Defining a Full Life
The Four Key Relationships Needed for a Full Life
A full life can be different for each of us and can change from season to season. At different times, our achievements at work, spending time with a spouse and family, connecting with friends, traveling, having opportunities to personally learn and grow, or having time to invest in our physical and spiritual wellness can fulfill.
One aspect that can’t be denied is that deep and meaningful relationships matter in terms of having a full life… as well as being happier and healthier. In fact, this was also a conclusion of a 75-year study conducted by Harvard University.
The study further concluded that the presence of someone we can rely on, trust, and be vulnerable with reduces our emotional as well as physical pain, and that the absence of these types of relationships can lead to earlier declines in our mental and physical health and earlier death. In addition, the people who were most satisfied in their relationships at midlife were the healthiest at age 80.
The types of relationships matter as well.
As described in my book, Reversing Burnout. How to Immediately Engage Top Talent and Grow! A Blueprint for Professionals and Business Owners, I learned about the power of relationships as I was studying poverty and researching the best ways to help eradicate it as part of our service work.
We grew to love the children and the people we were serving. We saw firsthand that we had so much in common. The only major differences were that the people we served had much less than most of us materially and had fewer opportunities.
At the same time, however, there were major differences coming in the other direction.
Those we served seemed to have a greater sense of community, connectedness, and contentment than many of us serving did. It was clear that they had “less” but also clear they had more overall happiness and joy. That was a paradox for me. It ran counter to my world view at the time and left me perplexed.
“Regardless of your definition of a full life, relationships matter.”
-Peter C. Atherton
Being perplexed drove me to better understand poverty.
To do so, I again took to available books and books-on-tape. My free time, car time, and walk-around the Eastern Promenade at lunch time were filled with learning. In our service work, we also continually tested and tried what we learned as we enhanced and expanded our offerings. Books like When Helping Hurts by Steve Corbett and Brian Fikkert and Toxic Charity by Robert D. Lupton were a couple of the books that articulated well how a lack of several key relationships all contributed to poverty, and that establishing and strengthening all these relationships is essential to helping to address poverty.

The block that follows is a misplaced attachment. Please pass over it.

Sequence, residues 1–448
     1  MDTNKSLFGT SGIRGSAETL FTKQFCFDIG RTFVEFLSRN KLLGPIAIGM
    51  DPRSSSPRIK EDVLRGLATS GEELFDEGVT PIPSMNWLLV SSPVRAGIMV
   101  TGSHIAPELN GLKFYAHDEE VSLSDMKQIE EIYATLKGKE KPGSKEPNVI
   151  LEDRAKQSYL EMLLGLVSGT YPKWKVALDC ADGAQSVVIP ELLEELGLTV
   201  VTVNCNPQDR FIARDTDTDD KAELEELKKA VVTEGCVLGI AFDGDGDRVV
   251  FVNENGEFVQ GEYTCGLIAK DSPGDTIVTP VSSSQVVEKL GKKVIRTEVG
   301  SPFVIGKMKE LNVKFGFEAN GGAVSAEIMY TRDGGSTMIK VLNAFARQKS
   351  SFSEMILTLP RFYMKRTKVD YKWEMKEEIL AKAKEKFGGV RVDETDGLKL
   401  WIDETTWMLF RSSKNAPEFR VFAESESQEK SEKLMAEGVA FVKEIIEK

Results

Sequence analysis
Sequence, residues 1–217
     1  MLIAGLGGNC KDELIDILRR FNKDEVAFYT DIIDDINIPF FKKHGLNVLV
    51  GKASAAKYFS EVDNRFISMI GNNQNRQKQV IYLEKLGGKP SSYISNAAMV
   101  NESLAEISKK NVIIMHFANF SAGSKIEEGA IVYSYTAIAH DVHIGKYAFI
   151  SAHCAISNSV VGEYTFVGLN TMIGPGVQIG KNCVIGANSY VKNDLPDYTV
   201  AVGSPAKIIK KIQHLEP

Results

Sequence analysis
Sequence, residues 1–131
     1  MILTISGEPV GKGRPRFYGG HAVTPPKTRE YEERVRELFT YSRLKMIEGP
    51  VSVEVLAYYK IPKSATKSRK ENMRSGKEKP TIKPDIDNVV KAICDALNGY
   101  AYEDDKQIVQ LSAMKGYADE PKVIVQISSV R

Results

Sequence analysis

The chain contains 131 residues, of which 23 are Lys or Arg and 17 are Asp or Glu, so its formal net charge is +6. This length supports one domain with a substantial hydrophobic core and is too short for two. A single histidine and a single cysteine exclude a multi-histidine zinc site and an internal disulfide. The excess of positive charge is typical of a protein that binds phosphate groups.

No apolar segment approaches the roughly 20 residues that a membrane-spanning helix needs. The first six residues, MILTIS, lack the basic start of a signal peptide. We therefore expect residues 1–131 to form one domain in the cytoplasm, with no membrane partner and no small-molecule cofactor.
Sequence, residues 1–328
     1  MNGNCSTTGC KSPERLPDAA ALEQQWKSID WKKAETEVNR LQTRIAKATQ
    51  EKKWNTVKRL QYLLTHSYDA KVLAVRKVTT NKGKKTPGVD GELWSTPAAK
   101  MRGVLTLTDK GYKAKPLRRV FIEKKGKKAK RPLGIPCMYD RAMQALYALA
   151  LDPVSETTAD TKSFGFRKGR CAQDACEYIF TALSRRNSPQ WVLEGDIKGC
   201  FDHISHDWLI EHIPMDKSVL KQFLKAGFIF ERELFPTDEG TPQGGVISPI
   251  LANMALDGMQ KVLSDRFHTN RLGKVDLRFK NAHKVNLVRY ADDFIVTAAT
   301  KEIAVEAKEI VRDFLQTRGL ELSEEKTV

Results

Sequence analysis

It was only partially about money and things. Those would only help address aspects of material poverty.
Of equal or even greater importance was a positive sense of self, connections with others, and faith in something greater than ourselves.
These references validated what we experienced and helped fill in the gaps.
The four key relationships essential to addressing poverty included:
A relationship with God as a higher power
A positive relationship with ourselves and a sense of purpose
A relationship with others and a sense of belonging within our communities
And a relationship with the world in a way that allows us to be productive and to be able to provide for ourselves and our families
Establishing and strengthening each of these relationships would be the key to addressing all forms of poverty – material, emotional, and spiritual.
These four relationships work in the inverse, too.
We experienced this over the years of leading service teams. While many of us were not materially poor, many of us did feel emotional and spiritual deficits.
Through our experience and the work of others, the lack of one or more of these key relationships is what leads to discontentment. Establishing and strengthening these four relationships in our lives also leads us to a life with greater joy and contentment.
“As high-achievers, our worlds can get complicated. Sometimes just simple truths can get us back on track.”
-Peter C. Atherton
For many of us high-achievers, given our committed focus on our crafts and our careers (i.e., our relationship with this world for provision and productivity), we may need to focus more on balancing our investments in the three other relationships in order to win at life in the way we are winning or have won in our careers.
We can begin to do this by simply taking inventory of our relationships:
Are we living 1, 2, 3, or 4-dimensional lives?
Are there one or two relationships that we have neglected and feel drawn to?
Awareness of what a full life entails is a large part of being able to achieve a full life. Another part is understanding the various traps that can prohibit or slow our ability to make the changes necessary to live a full life.
It is this full life that leads to having the balance and integration we all desire – both now and over the long-term.
To your winning,
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About the Author
Peter C. Atherton, P.E. is an AEC industry insider with over 30 years of experience, having spent more than 24 as a successful professional civil engineer, principal, major owner, and member of the board of directors for high-achieving firms. Pete is now the President and Founder of ActionsProve, LLC, author of “Reversing Burnout. How to Immediately Engage Top Talent and Grow! A Blueprint for Professionals and Business Owners”, and the creator of the I.M.P.A.C.T. process.
Pete works with AEC firms to grow and advance their success through modern and new era focused strategic planning, executive coaching, leadership and management team development, performance-based employee engagement, and corporate impact design. Connect with him through the contact link below.